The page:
Kissing someone you don’t love is so much more delicious than kissing someone you do.
Drinking for the first time in a thousand days is like sipping gold.
I would have been okay if I hadn’t picked up the phone, squatting there in its insulting puddle of sunlight.
You have a list of things that are precious to you and make life worth living; you have another list of all the things you draw the line at doing.
Lying is a reflex, then a burden, and finally just a habit.
Scott sat next to me with his plastic coffee cup at that night’s meeting, and we went for more coffee together after, displaying to each other the rawness of our hearts in the way the group had taught us to believe was okay with strangers.
Once the switch switches, your lists dissolve into nothing.
I could see Jamie deciding to believe me when the lies crept over my tongue and stained the air between us.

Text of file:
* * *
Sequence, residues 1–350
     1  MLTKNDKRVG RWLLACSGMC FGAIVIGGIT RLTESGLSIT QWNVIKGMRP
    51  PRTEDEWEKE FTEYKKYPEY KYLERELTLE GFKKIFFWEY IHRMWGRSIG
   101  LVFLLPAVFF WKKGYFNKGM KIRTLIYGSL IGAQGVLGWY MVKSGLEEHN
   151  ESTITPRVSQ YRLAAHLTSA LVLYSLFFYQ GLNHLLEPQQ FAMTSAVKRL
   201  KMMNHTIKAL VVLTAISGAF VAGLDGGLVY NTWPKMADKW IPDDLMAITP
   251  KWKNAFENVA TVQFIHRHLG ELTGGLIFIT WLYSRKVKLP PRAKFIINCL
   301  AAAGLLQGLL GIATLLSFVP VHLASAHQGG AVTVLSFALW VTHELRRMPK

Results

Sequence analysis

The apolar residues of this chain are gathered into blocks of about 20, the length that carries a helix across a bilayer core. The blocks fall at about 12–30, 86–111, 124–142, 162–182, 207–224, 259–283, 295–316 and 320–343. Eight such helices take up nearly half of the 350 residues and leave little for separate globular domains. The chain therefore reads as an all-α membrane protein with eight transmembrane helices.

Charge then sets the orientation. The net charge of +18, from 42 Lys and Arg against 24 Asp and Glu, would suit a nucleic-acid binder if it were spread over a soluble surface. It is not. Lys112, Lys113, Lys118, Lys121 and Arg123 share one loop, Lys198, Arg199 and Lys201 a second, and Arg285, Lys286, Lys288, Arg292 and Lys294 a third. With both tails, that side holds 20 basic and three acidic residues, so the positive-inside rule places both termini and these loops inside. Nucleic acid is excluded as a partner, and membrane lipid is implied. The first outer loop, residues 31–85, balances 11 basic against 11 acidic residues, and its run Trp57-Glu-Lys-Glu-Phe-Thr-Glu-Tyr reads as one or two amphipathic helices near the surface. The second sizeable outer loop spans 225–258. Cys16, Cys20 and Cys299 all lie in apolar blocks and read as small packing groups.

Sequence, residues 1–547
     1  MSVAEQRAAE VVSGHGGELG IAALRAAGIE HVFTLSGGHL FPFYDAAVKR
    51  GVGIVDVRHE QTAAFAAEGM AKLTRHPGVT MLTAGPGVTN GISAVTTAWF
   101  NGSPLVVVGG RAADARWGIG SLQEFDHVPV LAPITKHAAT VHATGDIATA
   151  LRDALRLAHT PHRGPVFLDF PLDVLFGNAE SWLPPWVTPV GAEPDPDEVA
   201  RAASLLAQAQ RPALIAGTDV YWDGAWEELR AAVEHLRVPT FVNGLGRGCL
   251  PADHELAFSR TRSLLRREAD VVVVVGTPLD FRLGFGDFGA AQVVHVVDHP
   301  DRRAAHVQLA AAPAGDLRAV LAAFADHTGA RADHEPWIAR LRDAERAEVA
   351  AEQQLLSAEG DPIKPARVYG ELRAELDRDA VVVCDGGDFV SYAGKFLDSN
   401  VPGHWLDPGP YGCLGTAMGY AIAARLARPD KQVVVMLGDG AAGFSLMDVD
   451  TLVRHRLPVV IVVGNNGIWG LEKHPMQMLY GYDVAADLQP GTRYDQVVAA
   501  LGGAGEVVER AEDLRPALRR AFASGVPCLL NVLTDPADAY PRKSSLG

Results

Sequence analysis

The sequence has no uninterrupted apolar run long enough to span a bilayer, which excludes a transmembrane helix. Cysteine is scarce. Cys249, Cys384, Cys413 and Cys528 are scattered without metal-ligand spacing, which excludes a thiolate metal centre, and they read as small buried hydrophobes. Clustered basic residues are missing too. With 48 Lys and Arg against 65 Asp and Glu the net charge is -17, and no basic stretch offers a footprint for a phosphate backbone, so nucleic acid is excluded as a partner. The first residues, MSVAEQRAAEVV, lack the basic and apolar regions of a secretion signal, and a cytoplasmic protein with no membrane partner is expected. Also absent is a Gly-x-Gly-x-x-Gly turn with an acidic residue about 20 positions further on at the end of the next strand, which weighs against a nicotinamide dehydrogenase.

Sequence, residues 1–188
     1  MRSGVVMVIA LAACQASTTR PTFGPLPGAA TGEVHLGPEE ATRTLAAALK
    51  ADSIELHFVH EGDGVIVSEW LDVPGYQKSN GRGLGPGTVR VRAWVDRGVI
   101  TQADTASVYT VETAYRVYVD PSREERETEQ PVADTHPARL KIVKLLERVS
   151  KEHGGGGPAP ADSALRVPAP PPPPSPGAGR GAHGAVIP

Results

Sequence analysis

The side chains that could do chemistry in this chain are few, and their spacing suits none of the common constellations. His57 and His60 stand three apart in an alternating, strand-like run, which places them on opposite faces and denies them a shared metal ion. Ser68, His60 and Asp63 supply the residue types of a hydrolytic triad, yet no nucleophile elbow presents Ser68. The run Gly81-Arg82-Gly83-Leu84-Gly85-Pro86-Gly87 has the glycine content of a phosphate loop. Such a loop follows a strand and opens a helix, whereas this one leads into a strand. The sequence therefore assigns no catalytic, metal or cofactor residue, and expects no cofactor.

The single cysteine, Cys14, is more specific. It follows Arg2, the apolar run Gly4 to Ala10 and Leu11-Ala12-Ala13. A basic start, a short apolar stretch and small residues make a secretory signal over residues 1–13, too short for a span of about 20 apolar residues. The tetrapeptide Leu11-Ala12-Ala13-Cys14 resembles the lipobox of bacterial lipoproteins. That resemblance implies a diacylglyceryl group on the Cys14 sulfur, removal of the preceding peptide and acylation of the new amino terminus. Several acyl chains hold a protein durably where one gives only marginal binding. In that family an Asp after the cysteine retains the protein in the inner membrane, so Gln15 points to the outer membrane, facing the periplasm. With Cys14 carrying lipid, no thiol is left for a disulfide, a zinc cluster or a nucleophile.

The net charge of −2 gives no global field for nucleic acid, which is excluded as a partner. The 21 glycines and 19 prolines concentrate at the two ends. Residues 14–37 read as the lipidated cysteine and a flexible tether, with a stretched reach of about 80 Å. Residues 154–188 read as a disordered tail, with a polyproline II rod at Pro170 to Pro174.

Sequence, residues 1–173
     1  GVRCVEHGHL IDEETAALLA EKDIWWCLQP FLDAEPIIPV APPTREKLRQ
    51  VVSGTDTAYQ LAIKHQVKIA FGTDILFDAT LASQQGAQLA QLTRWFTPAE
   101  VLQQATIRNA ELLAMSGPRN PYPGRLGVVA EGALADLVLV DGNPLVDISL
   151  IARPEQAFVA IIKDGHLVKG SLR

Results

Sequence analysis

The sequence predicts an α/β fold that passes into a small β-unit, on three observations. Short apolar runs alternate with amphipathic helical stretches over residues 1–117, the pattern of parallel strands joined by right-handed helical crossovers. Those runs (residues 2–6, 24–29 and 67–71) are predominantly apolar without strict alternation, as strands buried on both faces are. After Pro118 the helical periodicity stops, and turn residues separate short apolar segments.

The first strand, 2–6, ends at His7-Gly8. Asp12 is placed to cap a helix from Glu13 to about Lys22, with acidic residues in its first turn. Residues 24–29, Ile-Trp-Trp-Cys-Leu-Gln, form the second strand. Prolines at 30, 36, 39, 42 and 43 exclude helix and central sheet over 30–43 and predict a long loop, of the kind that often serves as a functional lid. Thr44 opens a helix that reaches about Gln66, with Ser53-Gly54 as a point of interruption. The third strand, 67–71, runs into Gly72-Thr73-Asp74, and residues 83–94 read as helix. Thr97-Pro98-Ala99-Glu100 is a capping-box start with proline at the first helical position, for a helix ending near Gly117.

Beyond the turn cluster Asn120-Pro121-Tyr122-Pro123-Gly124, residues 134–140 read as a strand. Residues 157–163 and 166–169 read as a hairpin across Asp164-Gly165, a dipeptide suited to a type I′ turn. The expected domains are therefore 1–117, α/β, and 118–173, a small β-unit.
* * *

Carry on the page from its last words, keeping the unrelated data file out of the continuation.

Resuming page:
We spoke of our lists, our years of sobriety, as if they were solid things.
The phone was ringing, but before I answered I held my hand over it, as if by blessing the device over which Mum-news came I could somehow make her well again.
Noting the crooked canine in Scott’s smile at that meeting was the moment the switch switched.
On Monday I would go back to Jamie and my family and my meetings and the real world.
Dad’s voice told me everything even as he said “Ali, love?”.
I had been clean for three years, two months and six days.
What I’ve learnt is that the door into my darkest cellar will always be unlocked and easy to spring open.
Staying true to yourself is the heaviest burden of all.
They were a beautiful, savage forty-eight hours.
Really, we’d chosen each other because we were both a hair’s breadth away from that next drink, that next hit, standing on the edge of the pitch pit of smashing teeth hoping to fall.
Jamie held his face together with a few crucial strands of hope.
The one and only thing I have to not do is the one and only thing I will fall headlong into doing.
For all its poison and violence, that weekend was a way of trying to get pure again; to feel I was at the beginning of something, instead of being always close, so horribly close, to so many endings.
Photo by rochelle hartman from somewhere in the midwest (Old Fashioned) [CC-BY-2.0 (http://creativecommons.org/licenses/by/2.0)], via Wikimedia Commons.